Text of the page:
Page Hamilton (Helmet): I thought Brandon Lee being in the movie was really cool, because I loved Bruce Lee, though I didn't know anything about his son. They talked to us about being in the movie but our schedule wouldn't permit it. The scene with My Life With The Thrill Kill Kult, that scene.
We shot a video with [director] Alex Winter [also know as an actor from 'The Lost Boys' and the 'Bill & Ted' movies] with footage from the movie. I thought for a video incorporating movie footage, Alex did an amazing job. It's one of my favorite videos to this day.
Mike Lewis (For Love Not Lisa): I think we were the only band on that soundtrack where nobody knew who we were. Everyone else was already proven. We knew it was a Brandon Lee movie and that our song would be in it. We were thinking, 'OK, crappy kung-fu movie nobody will ever see.' But after we saw some of the storyboards, we were like, 'Wow, this movie is like a dark version of "Batman."' We pulled over on tour and called our managers and were like, 'We have to be on this thing!'
It was certainly the highlight of our band's entire career. We had nothing but problems and issues; every bad thing that can happen to a band who signs to a major label happened to us.
I have a double platinum record on my wall, in my office at the Internet company I co-own. I always joke with people that I don't think my band sold a single one of those albums.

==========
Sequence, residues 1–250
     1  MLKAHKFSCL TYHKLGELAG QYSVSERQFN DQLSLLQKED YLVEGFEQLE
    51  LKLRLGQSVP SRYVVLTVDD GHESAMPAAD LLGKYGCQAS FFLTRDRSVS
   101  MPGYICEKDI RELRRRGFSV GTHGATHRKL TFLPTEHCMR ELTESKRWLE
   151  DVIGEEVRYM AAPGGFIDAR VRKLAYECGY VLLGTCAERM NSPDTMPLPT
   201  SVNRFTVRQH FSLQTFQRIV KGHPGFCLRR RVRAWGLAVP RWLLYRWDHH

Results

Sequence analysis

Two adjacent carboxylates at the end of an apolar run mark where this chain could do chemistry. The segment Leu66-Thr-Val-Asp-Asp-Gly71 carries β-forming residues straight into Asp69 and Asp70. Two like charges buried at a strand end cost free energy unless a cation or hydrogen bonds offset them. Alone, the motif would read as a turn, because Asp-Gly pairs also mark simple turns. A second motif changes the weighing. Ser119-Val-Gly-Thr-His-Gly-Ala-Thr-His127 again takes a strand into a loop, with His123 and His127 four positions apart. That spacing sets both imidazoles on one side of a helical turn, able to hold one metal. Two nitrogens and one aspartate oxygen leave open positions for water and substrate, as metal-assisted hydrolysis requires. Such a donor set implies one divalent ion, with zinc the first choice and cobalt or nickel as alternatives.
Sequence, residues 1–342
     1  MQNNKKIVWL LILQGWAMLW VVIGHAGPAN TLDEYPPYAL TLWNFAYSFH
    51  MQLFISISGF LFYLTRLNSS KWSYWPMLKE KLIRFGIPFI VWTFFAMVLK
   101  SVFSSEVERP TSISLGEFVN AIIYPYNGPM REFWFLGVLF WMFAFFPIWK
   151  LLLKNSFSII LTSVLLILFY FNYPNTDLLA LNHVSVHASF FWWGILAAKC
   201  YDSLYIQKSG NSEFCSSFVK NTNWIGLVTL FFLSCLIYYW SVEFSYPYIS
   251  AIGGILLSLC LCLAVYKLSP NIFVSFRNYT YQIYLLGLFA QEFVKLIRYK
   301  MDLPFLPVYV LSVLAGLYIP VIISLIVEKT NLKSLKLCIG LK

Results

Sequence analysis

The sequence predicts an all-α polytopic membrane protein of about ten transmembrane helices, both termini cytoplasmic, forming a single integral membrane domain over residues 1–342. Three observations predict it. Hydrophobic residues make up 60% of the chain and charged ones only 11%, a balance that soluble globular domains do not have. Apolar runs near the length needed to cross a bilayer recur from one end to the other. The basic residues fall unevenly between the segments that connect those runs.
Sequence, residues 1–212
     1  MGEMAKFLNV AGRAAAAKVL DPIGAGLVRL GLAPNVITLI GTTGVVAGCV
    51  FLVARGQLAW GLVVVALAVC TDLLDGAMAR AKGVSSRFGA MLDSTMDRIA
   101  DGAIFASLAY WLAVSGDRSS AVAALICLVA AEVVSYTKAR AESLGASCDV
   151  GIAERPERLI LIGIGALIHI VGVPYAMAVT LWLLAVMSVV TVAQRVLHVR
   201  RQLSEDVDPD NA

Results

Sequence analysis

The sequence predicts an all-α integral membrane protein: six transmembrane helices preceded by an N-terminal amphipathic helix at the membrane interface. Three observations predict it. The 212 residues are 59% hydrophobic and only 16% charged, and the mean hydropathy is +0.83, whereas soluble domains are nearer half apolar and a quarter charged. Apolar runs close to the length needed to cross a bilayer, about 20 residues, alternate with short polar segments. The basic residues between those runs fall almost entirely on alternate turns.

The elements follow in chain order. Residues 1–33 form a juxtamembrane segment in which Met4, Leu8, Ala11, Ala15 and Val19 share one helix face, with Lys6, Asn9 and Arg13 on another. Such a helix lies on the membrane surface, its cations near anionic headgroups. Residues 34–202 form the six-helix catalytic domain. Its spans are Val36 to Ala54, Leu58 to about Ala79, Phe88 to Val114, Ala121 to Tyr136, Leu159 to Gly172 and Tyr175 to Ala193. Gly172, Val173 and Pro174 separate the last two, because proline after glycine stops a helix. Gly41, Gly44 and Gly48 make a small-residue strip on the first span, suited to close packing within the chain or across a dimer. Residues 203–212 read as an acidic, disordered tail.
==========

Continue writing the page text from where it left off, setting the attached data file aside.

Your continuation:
Jeff Most: Originally, Stone Temple Pilot's contribution to the soundtrack was going to be a song called "Only Dying," a darkly satiric song mocking death. 'It's no big deal, I'm only dying,' that type of thing. When Brandon was lost months later in the tragic accident, they recognized the obvious lack of humor and that the song was now inappropriate. Some months later, they gave us a demo of 'Big Empty.' I was like, 'Oh, my God, we are so blessed, this is an even better and more brilliant song for us.'
What unfortunately happened with 'Big Empty,' by virtue of the delayed timing of the film's release, was that the song screwed up Atlantic Records and Stone Temple Pilots' single plans for their new album by becoming a massive radio hit. KROQ in Los Angeles was the first radio station to pick it up. The band was actually asking radio programmers not to play 'Big Empty' because they had a different single coming.
But the soundtrack to 'The Crow' took on a life of its own.
Page Hamilton: I was in Sweden a couple of months ago, with insomnia, and 'The Crow' was on TV. I saw the last hour of it for the first time in years and it was just awesome. I still love it. You have a really great good guy and a really great bad guy in that movie. Michael Wincott ["Top Dollar"], the guy is fantastic. He's just such a brilliant, evil guy in 'The Crow.' And Brandon Lee is such a great guy. There's a calm about him. Physically, he's a very attractive, beautiful guy. Clear lines are drawn between good vs. evil. I think the adaptation was really well done. I'm very glad we were part of it.
Come back to Splash Page tomorrow for the next chapter in our week-long look at "The Crow," its origins and legacy. Here's what we've covered already: